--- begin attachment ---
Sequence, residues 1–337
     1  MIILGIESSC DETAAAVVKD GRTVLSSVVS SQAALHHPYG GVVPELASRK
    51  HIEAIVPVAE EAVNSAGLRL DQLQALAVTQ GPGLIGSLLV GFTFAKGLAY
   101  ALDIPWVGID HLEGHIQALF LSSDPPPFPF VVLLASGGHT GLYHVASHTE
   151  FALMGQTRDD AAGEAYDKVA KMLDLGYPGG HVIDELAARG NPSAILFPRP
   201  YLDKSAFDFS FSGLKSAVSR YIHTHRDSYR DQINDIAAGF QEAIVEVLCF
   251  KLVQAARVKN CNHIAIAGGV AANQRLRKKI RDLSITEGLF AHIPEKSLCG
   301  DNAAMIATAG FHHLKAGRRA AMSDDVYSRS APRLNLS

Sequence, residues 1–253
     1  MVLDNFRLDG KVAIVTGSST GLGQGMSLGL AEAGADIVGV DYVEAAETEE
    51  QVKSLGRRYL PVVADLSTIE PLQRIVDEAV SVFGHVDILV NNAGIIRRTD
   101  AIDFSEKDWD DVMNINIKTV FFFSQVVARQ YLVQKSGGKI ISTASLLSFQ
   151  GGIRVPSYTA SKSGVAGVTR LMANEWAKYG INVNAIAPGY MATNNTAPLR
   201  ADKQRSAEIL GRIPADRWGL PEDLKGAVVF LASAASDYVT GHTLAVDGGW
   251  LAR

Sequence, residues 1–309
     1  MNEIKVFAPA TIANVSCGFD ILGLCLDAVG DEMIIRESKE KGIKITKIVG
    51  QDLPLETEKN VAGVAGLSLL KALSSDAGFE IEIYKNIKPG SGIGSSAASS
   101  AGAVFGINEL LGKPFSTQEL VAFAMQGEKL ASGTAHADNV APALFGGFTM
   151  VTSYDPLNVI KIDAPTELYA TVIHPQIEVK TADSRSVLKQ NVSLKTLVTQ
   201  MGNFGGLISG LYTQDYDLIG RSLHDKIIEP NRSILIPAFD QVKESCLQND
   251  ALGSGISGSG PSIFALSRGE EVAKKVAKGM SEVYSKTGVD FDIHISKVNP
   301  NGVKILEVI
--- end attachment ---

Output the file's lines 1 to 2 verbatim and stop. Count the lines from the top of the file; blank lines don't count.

Sequence, residues 1–337
     1  MIILGIESSC DETAAAVVKD GRTVLSSVVS SQAALHHPYG GVVPELASRK